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“Not My Job” – The Prime Responsibility for Managers and Supervisors

John Tooley shares tips on responsibility and efficiency for managers and supervisors.

By: John Tooley

Woman presents an idea to a table of her coworkers in a meeting.

Abraham Lincoln said, “Always bear in mind that your own resolution to succeed is more important than any other.”

Cracking the code is to solve a difficult problem or mystery. The term is derived from interpreting coded intelligence during wartime and became current during World War II. The Navaho Indians “code talkers” gave us the code that played a great part in our victory. I will attempt to do the same with trying to crack the code of what our management and supervisor’s prime responsibility should be. When we require this of them, it will assure a greater harmony and success. All managers and supervisors have many responsibilities. However, I will focus on their primary focus.

I am sure we have written job descriptions for all to know what they are supposed to do. If we were to ask each to recite their job description many will state their perception of their job. The good and bad news is that perception drives our judgments and behavior. What happens if our perception is wrong? Could our business, customers and workforce suffer?

For several years, I have asked myself a few questions that might crack the code of what should be the prime responsibility of managers and supervisors. I have had to consider this from a systems viewpoint. I have questioned if there might be several questions that, if answered, would reveal an approach that might apply to all business. Is there a common purpose? Are there common attributes of desired outcomes, is there a common strategy, and is there a set of common tactics, that can guide our path to harmony and success? I believe my answer is yes to each question except one: purpose. Our purpose for why we do what we do is sure to vary.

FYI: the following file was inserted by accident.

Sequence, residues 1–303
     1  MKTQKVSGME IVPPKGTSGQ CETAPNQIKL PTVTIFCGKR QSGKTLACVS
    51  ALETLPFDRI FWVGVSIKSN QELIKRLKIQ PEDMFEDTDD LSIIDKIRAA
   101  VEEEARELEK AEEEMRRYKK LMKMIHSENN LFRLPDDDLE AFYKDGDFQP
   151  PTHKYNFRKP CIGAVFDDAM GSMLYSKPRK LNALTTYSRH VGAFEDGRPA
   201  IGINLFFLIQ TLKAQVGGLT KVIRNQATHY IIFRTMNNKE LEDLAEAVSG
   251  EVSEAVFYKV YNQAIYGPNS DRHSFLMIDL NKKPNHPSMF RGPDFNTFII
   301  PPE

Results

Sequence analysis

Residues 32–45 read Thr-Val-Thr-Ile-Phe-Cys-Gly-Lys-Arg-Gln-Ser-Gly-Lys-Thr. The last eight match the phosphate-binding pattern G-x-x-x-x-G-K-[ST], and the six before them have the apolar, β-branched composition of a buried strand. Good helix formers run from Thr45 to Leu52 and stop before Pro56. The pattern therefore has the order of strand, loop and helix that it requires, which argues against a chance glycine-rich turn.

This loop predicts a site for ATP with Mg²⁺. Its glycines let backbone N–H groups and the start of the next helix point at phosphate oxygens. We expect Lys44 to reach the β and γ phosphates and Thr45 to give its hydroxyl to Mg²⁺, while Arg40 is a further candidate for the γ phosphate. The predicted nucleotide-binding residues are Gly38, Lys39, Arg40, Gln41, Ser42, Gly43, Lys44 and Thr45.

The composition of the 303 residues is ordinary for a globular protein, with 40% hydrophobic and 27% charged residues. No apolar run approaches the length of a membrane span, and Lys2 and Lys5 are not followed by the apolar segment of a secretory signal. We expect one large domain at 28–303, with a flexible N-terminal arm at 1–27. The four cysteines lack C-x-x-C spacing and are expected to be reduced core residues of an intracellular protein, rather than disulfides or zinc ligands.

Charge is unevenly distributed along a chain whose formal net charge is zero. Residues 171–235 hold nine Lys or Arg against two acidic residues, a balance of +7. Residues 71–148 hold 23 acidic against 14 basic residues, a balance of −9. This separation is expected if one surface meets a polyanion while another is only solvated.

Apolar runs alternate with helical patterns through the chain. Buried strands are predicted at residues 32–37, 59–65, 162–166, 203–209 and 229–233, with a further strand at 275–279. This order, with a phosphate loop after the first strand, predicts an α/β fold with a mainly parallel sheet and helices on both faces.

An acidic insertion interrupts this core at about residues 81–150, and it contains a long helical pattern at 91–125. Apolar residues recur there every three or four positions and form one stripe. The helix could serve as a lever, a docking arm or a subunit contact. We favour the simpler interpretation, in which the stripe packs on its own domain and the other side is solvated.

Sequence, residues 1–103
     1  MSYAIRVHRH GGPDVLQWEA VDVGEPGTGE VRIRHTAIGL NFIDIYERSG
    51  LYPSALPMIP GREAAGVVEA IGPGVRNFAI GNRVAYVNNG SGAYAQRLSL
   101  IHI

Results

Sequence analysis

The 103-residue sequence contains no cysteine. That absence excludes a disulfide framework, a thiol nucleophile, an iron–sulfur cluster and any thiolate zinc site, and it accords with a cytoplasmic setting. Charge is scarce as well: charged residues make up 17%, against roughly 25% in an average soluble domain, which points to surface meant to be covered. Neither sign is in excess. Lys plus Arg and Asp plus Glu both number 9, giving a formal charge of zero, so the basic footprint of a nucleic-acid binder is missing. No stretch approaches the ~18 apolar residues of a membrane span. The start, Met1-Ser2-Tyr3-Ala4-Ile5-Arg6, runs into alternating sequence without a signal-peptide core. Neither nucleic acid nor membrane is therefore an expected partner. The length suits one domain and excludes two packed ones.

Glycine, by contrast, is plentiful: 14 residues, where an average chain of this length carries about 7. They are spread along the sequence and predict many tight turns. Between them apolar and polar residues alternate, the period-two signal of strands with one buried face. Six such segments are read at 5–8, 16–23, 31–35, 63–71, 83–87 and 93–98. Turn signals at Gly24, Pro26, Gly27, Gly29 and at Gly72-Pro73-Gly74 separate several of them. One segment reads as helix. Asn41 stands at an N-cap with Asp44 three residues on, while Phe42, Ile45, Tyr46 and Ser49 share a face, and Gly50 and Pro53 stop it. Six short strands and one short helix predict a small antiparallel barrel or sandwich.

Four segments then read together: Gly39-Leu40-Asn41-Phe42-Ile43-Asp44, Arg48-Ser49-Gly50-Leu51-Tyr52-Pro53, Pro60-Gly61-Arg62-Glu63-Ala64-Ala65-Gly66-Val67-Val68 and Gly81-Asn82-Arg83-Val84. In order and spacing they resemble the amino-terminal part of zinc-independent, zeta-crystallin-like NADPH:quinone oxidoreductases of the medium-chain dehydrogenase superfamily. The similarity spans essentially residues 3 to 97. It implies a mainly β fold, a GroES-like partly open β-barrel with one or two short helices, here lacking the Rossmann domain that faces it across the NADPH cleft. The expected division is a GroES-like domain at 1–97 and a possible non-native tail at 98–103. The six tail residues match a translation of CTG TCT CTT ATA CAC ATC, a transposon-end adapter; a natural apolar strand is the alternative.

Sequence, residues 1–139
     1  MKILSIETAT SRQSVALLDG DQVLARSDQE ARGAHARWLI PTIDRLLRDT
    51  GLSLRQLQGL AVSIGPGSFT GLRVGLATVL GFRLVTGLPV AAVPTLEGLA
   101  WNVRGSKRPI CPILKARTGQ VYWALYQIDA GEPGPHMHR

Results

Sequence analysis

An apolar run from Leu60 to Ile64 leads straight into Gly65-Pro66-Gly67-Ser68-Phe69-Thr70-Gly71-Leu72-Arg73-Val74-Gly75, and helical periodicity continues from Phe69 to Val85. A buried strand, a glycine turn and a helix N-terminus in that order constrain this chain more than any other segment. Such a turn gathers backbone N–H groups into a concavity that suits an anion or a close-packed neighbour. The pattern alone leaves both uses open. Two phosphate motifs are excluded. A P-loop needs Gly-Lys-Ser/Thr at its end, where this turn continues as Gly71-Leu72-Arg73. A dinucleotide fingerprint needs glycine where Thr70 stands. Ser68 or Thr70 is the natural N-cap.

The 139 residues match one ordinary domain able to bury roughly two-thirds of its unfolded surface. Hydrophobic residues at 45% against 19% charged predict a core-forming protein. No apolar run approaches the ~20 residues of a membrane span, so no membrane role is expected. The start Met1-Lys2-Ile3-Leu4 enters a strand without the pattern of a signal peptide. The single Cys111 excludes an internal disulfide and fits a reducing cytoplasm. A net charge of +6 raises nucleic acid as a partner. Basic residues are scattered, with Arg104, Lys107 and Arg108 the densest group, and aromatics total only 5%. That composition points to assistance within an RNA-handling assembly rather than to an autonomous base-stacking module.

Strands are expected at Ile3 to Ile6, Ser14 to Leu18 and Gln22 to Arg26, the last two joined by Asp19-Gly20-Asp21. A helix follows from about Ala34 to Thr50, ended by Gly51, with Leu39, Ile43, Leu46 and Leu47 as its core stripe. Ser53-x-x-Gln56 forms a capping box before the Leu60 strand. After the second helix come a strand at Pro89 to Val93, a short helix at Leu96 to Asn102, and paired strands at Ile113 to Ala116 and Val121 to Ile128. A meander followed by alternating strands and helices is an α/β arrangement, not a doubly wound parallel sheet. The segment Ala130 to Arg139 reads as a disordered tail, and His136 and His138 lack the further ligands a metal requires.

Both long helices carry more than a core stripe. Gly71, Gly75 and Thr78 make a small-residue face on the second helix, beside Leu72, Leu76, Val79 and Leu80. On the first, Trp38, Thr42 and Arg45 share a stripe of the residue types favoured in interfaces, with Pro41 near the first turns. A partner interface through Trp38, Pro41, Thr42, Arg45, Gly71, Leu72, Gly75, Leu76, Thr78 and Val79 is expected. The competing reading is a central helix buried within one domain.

I must start with a systems approach. For me, a system is a whole that derives its characteristics (behavior – good or bad) by the interactions of its essential parts and none taken separately. Production, administration, human relationships, finance, etc. are all parts of a business. Each is made up of desks, computers, file cabinets, tools, equipment, vehicles, etc. None of these physical pieces can cause healthy change. Only the people who make up the essential parts and their interactions can. Any one of the parts and its people are essential but not sufficient for healthy change. It is each part’s interaction with the other parts that drives the behavior. That is why Edwards Deming said, “If you don’t understand human behavior, you can’t understand business.” In his System of Profound Knowledge, he identified four important areas managers and supervisors must know and understand. The first was appreciation of a system. He also said understanding human behavior is a common need. I believe each have common answers that will crack the code of our prime responsibility towards our harmony and success.

I do not think our products, services, size of business, profit or nonprofit, or amount of available revenue restricts clarity and simplicity of our strategy, tactics, or purpose. Clarity and simplicity are the operative words. Let me define strategy and tactics as I see them and how they fit each of our businesses. We also should have our purpose clearly defined.